Luke goes back to the parents. Let's read verses 44-45. "Thinking he was in their company, they traveled on for a day. Then they began looking for him among their relatives and friends. 45When they did not find him, they went back to Jerusalem to look for him." Although they were unaware of Jesus' location, they trusted their son would be with them in the company. But he was not. Nor was he with the relatives or friends; they had lost the Son of God! What a nightmare! Imagine the frantic journey for one day back to Jerusalem, searching the whole way. I was reminded of one time Amy and I were at the center for one of our UBF functions, perhaps Founder's Day or prayer meetings, and we had brought my oldest son Judah. After the meeting was over, we started looking for him, and could not find him. We would ask people, "Have you seen Judah?" "No, we didn't see him. Is he ok?" "Oh, I'm sure he is around." But inside I felt like dying! It took us 30 minutes to find him. I've never been so terrified.
Verse 46 reads, "After three days, they found him in the temple courts, sitting among the teachers, listening to them and asking them questions." Thank God, they found him, and he was ok. But look at what boy Jesus is doing in the temple! Jesus stayed behind in order to study the Bible! During the feast, the members of the Sanhedrin would come out and teach the crowds of teachers and rabbis that gathered. Jesus was there among the teachers, listening to these great theologians and Bible scholars. He understood them, having faithfully studied the Bible since his childhood. We get no hint that he knew it all, and was patronizing these teachers. He was learning the Bible, actively participating by asking questions, and also giving insightful, on topic, related answers.
Sometimes we think it is because we are fallen or have some problem that we need to study the Bible. Recently a couple was having marriage troubles. A shepherd said, "They REALLY need Bible study." But sinless and perfect Jesus studied the Bible. Others don't want to learn from anyone. But boy Jesus, the Son of God, the perfect man and our example, learned. He learned from parents, he learned from teachers of the law. Most importantly, Jesus learned from his Father through studying the Bible. Learning is normal and proper human behavior. How is your attitude toward Bible study? Jesus listened to the teachers. He asked questions to ensure his understanding. Jesus also shared what he learned, submitting to questions and giving relevant and insightful answers. This became foundational to Jesus' life. When Satan tempted him in the desert, Jesus quoted the Bible in Deuteronomy. Where did he learn that? In his first recorded sermon in the book of Luke Jesus quotes the book of Isaiah and applies it to himself. Where did Jesus learn that? As boy Jesus studied the Bible, we should study the Bible: listen intently, ask questions, and write our testimonial answers. This summer at UIC we are devoting ourselves to Bible study with the key verse from Psalm 1:2, "But his delight is in the law of the Lord, and on his law he meditates day and night." My hope and prayer is that a delight for the word of God may be kindled in the hearts of every UIC member, just as Jesus delighted in the word of the Lord. As Jesus did, let's decide to study the word of God as our desire.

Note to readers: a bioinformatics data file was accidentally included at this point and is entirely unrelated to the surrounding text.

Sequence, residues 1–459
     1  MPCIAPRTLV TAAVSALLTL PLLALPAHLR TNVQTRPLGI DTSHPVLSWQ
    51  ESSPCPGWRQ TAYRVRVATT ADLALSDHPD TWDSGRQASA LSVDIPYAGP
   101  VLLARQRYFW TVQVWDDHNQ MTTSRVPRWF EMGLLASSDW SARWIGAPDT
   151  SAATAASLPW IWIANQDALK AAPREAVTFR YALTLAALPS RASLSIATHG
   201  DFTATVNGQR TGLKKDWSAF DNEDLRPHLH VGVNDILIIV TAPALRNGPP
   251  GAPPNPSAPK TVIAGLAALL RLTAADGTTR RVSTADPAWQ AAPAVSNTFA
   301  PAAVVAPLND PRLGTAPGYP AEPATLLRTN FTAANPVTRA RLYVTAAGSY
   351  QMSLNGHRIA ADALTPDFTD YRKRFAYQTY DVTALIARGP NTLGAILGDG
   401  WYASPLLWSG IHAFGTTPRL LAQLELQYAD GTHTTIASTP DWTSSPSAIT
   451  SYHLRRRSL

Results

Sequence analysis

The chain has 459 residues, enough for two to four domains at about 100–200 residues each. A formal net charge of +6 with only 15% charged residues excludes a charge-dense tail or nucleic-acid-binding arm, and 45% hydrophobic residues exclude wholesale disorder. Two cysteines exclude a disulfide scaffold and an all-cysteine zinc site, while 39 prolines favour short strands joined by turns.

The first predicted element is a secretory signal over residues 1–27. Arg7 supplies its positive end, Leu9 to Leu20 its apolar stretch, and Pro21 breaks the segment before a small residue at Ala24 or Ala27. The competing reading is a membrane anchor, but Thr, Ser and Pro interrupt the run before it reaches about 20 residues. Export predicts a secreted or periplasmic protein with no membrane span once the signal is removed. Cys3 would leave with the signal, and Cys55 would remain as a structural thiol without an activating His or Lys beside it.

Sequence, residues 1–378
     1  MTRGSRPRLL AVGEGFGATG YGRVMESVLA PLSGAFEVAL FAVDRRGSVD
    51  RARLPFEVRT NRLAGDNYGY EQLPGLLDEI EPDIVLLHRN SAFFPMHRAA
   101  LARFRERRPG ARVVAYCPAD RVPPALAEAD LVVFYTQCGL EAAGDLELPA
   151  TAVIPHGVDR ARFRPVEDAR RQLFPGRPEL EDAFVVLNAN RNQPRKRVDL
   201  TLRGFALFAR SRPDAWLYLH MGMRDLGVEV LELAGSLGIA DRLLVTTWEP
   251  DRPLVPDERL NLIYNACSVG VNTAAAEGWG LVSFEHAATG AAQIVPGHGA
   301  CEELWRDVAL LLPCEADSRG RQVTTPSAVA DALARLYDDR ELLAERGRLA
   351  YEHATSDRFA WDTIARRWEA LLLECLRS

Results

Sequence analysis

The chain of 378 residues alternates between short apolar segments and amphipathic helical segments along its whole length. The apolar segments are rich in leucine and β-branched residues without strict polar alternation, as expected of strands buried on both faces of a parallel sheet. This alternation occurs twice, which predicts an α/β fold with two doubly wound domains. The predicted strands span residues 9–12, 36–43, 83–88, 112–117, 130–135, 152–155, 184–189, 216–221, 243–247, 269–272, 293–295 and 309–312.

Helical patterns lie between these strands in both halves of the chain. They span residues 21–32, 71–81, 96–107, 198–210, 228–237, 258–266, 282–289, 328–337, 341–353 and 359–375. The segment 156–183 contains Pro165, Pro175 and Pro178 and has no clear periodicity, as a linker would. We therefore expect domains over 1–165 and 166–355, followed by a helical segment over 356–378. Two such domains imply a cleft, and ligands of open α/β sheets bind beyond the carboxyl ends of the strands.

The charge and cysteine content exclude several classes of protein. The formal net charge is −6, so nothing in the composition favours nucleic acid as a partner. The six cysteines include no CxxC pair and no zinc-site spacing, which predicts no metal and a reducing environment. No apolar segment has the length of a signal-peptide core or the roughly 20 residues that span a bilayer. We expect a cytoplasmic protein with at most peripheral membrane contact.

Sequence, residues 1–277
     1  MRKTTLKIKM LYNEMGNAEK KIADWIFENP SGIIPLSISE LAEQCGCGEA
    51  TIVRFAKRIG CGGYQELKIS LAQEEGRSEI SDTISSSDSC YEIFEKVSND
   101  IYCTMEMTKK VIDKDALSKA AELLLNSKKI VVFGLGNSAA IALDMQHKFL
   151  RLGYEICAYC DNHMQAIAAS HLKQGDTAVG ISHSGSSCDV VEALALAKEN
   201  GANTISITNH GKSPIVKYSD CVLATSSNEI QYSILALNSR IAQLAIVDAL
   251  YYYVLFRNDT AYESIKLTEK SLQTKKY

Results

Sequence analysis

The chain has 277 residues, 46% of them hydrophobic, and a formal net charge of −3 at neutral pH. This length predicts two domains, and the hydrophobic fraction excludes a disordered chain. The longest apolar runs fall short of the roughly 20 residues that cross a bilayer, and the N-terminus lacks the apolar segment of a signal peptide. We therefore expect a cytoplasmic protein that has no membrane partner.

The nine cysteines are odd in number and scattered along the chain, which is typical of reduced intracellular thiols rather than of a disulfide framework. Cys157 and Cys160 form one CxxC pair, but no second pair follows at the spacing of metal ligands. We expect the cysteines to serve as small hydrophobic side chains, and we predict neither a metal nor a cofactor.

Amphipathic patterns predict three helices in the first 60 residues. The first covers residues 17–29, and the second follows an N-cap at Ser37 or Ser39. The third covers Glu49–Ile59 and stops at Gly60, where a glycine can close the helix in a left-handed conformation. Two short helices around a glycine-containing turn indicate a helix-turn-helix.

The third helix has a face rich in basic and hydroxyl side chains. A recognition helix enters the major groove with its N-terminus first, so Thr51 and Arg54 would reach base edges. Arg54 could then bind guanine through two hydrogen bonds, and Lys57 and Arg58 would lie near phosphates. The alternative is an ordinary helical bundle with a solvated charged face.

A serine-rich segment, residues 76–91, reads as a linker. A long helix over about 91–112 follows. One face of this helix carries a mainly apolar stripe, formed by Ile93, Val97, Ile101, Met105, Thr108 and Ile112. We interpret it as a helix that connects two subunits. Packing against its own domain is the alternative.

Jesus' Bible study made an impression on those listening to him. Verse 47 reads, "Everyone who heard him was amazed at his understanding and his answers." They didn't know who Jesus was, and it wasn't simply his age that amazed them. They were amazed at his understanding of the messages, and the weight of his insightful answers. But their response is also recorded here in contrast with that of Jesus' parents. Verse 48a reads, "When his parents saw him, they were astonished." It was clear that he wasn't lost. He hadn't been accidently left behind. Instead, he had independently chosen and willfully decided to stay behind in Jerusalem, without telling them! What a shock! They had been searching all day for him, in the pools, the arcades, the police station, and here he was in the temple courts studying the Bible!